Liquidity Cascades: The Culmination of Suppressed Rates, Passive Mandates, & Excessive Risk Taking

Published on
February 19th, 2021
80 minutes

Memories of 1987: Felix Zulauf’s Outlook on Equities, Bonds, Currencies, and Commodities

Liquidity Cascades: The Culmination of Suppressed Rates, Passive Mandates, & Excessive Risk Taking

The Interview ·
Featuring Corey Hoffstein and Jason Buck

Published on: February 19th, 2021 • Duration: 80 minutes

Jason Buck of the Mutiny Fund welcomes Corey Hoffstein, co-founder and chief investment officer of Newfound Research, for an in-depth investigation into the pivotal forces that are shaping markets. Hoffstein argues that rate suppression via the Federal Reserve has forced active investors out on the risk curve in order to beat their benchmarks. Meanwhile, the rise of passive investment vehicles, which as Hoffstein writes “know the price of everything but the value of nothing,” create severe market distortions, which heighten volatility. This insufficient liquidity is exacerbated, Hoffstein continues, by the convex hedging pressures of market makers in the options market who buy as the underlying stock goes up and sell as it goes down. The confluence of these factors create phenomena that Hoffstein calls “liquidity cascades,” or rapid melt-up and melt-downs. For Hoffstein’s report, “Liquidity Cascades: The Coordinated Risk of Uncoordinated Market Participants,” click here: Filmed on February 17, 2021.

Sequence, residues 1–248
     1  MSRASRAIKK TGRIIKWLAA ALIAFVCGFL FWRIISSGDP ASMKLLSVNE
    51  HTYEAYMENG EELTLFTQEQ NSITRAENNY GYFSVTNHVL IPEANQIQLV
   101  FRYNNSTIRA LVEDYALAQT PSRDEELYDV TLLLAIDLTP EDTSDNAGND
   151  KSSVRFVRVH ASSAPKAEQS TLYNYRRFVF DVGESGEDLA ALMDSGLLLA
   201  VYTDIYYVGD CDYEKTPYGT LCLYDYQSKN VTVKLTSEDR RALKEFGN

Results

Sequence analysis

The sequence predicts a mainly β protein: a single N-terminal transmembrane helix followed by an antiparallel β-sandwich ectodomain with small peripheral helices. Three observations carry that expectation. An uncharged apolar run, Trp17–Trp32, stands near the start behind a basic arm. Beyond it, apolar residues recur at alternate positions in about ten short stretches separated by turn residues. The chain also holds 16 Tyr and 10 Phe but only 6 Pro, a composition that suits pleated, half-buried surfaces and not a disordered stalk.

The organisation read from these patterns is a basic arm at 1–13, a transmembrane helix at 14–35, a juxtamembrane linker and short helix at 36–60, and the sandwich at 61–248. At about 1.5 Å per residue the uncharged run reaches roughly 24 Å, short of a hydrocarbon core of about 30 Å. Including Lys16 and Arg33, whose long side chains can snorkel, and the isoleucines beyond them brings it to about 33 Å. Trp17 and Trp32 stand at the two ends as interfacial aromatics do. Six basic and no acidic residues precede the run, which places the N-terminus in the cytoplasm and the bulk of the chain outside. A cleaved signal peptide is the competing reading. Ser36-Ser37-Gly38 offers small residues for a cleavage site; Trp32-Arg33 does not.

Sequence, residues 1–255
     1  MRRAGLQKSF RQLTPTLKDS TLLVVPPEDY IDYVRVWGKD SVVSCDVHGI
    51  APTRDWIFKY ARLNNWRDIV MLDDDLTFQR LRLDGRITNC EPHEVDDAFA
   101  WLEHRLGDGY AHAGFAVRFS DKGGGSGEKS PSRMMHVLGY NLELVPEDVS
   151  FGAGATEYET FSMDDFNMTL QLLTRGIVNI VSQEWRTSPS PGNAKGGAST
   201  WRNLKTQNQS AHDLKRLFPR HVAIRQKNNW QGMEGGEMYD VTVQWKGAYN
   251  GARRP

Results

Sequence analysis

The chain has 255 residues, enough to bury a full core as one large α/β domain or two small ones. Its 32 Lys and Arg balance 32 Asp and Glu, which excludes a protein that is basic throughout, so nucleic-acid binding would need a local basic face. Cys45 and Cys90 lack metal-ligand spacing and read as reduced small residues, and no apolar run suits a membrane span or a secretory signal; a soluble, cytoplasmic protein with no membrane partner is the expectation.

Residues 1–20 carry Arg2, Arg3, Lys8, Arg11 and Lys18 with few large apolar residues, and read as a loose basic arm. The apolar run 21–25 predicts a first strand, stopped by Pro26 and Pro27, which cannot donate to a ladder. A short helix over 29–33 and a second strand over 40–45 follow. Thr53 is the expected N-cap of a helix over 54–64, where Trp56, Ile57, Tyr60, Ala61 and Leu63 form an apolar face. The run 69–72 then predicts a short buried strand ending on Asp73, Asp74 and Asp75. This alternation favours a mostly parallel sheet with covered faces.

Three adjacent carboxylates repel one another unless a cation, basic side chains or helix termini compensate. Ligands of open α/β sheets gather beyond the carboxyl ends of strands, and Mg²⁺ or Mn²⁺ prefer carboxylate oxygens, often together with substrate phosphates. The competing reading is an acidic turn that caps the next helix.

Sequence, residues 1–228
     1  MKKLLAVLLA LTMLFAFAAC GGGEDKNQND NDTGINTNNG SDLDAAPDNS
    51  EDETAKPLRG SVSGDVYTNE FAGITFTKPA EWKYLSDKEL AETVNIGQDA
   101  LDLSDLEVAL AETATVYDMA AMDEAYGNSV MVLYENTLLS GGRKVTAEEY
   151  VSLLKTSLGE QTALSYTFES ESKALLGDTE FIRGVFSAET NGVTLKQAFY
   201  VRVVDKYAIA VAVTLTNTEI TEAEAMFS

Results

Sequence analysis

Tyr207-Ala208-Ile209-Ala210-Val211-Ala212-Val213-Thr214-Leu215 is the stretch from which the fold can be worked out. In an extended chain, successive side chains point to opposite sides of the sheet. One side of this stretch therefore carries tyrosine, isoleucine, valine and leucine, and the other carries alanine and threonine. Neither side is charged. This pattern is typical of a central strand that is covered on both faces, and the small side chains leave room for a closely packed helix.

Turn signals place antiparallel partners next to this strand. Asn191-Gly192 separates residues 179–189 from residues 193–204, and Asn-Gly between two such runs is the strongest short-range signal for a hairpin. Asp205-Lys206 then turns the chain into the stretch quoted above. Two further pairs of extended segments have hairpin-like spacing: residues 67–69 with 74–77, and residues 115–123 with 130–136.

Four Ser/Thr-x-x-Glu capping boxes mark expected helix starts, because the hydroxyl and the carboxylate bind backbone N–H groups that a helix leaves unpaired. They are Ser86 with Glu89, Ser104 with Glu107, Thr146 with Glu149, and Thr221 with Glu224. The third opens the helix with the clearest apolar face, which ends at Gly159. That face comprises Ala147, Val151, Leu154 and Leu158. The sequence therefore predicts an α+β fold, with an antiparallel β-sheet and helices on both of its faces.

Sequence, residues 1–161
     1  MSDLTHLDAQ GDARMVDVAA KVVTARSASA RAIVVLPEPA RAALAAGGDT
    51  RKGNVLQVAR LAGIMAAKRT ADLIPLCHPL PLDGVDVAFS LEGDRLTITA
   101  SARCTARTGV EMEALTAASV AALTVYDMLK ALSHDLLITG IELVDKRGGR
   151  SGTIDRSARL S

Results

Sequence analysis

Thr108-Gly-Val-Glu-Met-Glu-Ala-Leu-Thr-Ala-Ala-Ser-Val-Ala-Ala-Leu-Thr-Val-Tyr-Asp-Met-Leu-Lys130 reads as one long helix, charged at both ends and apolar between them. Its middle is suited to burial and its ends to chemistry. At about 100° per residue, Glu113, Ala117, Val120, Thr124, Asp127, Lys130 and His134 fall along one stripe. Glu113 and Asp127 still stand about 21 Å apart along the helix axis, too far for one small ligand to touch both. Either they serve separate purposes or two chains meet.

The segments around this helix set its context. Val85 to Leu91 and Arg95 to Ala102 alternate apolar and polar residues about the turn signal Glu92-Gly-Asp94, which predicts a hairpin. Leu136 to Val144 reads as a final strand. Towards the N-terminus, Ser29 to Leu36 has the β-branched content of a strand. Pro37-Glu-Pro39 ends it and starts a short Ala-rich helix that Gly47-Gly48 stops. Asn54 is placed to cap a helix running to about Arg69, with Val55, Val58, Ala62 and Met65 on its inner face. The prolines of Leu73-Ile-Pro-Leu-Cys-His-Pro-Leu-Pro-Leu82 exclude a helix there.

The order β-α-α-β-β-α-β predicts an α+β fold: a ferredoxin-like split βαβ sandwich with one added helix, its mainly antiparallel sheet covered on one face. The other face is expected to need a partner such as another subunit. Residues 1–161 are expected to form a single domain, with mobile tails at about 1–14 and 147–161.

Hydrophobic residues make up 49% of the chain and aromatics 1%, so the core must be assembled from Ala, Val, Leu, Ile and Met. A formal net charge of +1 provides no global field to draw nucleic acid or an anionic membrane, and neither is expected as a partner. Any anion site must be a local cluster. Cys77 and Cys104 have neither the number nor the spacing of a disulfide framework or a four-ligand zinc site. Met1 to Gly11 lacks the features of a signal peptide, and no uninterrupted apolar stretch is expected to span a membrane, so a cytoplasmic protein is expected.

Key learnings:
Hoffstein argues that a portfolio consisting of out-of-the-money puts and calls, combined with an equity portfolio consisting of trend, momentum, and quality factors, is best prepared to handle a market landscape with frequent liquidity cascades. Hoffstein calls this portfolio “The Daedalus Portfolio.”



  • AC
    Alvaro C.
    24 February 2021 @ 23:50